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Shoal Lake 40 'Human Rights Violations Museum' highlights water problems

The community of Shoal Lake 40 is spring boarding off the official opening of Winnipeg's Canadian Museum for Human Rights to launch a cheeky invitation to a "museum" of its own.

Shoal Lake 40 was flooded and cut off from mainland so Winnipeg could source its water

The Shoal Lake community has repeatedly opposed Winnipeg's plan to sell the water to nearby municipalities. (Shoal Lake First Nation)
The Canadian Museum of Human Rights officially opens in Winnipeg on Friday. At the same time, Shoal Lake 40 First Nation says it's opening it's own museum... of Human Rights Violations.And that museum, is the community itself. 6:40

The community of Shoal Lake 40 is spring boarding off the official opening of Winnipeg's Canadian Museum for Human Rights to launch a cheeky invitation to a "living museum" of its own.

The First Nation is offering tours of what it calls the "Museum of Canadian Human Rights Violations."

Organizer Roxanne Greene told CBC News she wants to draw attention to poor conditions in her community — and the fact that Winnipeg gets its water from Shoal Lake, while the First Nation itself is under a boil water advisory.

Shoal Lake was flooded and cut off from the mainland so that Winnipeg could source its water.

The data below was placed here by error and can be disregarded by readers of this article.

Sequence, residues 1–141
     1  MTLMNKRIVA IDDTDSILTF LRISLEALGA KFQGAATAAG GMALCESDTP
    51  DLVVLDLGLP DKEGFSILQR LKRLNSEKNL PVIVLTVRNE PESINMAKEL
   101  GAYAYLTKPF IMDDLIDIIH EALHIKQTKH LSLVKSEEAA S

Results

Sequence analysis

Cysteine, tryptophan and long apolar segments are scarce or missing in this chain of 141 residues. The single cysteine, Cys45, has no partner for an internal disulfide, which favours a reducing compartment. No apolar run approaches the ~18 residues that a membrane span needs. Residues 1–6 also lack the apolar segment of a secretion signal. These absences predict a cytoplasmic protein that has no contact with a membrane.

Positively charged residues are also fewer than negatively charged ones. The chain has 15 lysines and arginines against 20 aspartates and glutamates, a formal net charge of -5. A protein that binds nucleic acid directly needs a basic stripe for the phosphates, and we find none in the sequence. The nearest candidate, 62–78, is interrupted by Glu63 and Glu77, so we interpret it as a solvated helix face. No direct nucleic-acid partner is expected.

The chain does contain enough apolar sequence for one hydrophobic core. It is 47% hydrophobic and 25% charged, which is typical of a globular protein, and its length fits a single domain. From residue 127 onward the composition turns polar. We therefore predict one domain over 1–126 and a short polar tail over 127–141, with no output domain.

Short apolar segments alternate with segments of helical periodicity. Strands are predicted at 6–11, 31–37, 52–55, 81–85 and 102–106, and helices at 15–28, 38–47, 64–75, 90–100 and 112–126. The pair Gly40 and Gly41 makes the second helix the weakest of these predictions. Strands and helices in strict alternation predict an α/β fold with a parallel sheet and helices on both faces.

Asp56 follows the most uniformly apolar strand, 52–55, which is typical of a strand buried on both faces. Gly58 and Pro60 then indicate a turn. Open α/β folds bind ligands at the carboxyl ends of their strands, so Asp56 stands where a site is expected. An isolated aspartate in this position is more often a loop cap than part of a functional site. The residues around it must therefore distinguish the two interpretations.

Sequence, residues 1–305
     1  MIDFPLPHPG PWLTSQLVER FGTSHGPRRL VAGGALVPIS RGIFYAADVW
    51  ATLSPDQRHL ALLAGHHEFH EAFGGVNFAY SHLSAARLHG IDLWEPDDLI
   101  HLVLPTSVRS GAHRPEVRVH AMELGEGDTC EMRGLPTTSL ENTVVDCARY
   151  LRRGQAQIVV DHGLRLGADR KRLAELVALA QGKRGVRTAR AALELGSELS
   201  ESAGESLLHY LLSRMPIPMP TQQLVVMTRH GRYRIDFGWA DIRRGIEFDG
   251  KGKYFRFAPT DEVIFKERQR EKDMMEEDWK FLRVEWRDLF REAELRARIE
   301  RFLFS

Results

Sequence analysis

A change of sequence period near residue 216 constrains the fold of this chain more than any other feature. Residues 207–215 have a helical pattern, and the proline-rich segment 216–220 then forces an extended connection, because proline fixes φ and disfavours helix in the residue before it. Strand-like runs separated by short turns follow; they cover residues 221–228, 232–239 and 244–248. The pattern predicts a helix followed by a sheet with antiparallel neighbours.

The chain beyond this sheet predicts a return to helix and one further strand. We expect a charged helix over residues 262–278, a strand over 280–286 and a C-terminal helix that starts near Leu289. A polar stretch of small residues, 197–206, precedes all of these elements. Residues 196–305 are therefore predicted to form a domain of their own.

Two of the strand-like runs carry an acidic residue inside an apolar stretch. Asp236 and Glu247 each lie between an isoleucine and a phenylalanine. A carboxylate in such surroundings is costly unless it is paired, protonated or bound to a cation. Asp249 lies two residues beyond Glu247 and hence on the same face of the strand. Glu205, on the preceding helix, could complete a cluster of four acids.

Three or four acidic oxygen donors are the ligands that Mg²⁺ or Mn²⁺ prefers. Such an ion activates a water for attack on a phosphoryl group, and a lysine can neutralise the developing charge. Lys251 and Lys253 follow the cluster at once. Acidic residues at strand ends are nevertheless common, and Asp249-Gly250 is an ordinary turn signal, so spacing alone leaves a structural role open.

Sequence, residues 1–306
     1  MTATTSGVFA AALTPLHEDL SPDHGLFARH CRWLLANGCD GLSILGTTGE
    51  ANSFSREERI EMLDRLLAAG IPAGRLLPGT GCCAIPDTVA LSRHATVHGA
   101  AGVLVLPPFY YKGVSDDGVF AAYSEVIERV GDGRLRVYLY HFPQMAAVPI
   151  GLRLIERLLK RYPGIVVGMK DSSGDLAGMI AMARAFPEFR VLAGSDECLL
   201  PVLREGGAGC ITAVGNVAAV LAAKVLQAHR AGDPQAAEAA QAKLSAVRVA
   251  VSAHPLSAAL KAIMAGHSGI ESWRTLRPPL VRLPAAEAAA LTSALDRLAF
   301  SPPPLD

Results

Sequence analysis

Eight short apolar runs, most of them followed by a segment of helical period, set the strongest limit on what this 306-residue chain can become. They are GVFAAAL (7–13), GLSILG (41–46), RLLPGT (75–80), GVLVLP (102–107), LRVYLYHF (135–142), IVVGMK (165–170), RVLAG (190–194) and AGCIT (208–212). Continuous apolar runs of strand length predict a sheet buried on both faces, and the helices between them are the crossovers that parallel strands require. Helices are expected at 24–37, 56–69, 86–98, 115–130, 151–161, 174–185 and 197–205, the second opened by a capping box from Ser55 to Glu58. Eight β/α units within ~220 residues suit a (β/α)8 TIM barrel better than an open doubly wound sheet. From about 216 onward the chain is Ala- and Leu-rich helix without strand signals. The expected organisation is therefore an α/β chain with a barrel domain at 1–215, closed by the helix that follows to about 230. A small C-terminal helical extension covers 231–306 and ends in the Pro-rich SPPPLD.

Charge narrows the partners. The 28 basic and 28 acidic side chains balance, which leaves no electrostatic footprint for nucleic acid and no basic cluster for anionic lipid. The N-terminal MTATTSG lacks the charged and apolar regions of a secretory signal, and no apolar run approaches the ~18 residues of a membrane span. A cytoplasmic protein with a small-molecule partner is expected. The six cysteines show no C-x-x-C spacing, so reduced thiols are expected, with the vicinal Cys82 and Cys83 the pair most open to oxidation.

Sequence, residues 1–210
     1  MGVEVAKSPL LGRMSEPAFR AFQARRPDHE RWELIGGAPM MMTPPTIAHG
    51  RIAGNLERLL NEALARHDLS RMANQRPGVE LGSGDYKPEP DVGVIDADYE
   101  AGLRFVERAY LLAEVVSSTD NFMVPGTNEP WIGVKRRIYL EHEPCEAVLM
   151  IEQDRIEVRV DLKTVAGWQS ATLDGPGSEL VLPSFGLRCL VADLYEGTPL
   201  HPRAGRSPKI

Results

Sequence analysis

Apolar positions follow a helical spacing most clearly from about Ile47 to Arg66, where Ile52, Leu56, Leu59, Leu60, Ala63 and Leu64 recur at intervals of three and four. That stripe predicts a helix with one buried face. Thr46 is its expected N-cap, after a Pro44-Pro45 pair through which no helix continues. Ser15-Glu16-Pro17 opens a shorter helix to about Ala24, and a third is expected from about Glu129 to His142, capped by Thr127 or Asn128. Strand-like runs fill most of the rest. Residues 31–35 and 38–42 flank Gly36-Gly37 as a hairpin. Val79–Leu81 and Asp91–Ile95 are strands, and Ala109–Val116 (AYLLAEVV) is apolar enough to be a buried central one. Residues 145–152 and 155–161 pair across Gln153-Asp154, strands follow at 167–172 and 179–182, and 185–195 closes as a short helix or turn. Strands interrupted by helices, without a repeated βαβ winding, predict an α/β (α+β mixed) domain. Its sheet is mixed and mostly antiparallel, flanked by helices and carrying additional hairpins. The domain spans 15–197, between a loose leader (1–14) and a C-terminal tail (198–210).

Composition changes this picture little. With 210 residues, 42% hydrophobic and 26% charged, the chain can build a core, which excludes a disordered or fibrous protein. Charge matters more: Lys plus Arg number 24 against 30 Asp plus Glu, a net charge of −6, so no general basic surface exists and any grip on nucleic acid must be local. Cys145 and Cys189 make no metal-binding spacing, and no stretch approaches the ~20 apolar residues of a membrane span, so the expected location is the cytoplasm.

“The community that became isolated just so they can get their drinking water, doesn't even have clean drinking water themselves. And we're slowly dying here,” she said.
"Museum of Canadian Human Rights Violations" organizer Roxanne Greene wants to draw attention to poor conditions in her community of Shoal Lake 40 in northwestern Ontario. (Supplied)

“So that's why we want to invite them to come see the Human Rights Violation Tour themselves."

Greene says she's getting lots of calls and emails from people interested in taking the tours.

‘Water is a life-giver’

People who book a tour will be met at the barge that people in the community use to cross the water. They will pay the $5 fee that people in the community pay for the trip. They'll then tour the community and see the lack of clean drinking water.

"We've been on boil water advisory for 17 years now. We don't even have a water treatment plant,” Greene continued.

"Water is a life-giver, and we can't even bathe properly in the water that we have.  So we want people to see, first hand, what it's like to live here because of the isolation."

She said people will also see the inadequate sewage site, and garbage disposal site.

"We can't have garbage properly stored.  It spills onto the road. And the tour bus will drive over the garbage."

Community members will be more than happy to share stories about life in the community, Greene added.

"We don't have very many economic opportunities here, and very little jobs. So it's hard to survive here."

Greene said it's fitting the tours are being held the week the museum is opening.

"I think it's fitting because all these people are coming to Winnipeg to look at the brand new museum that Canada is proud of. But at the other end of the pipe, here we are.”

This is an opportunity to reach out to mainstream Canadians, but Greene said they also want to get the federal government’s attention. The community wants a road installed that will connect them to the mainland.

Greene noted officials at the new Winnipeg museum have been receptive to their concerns, and that representatives have already visited the community.

"They've started to understand our situation."

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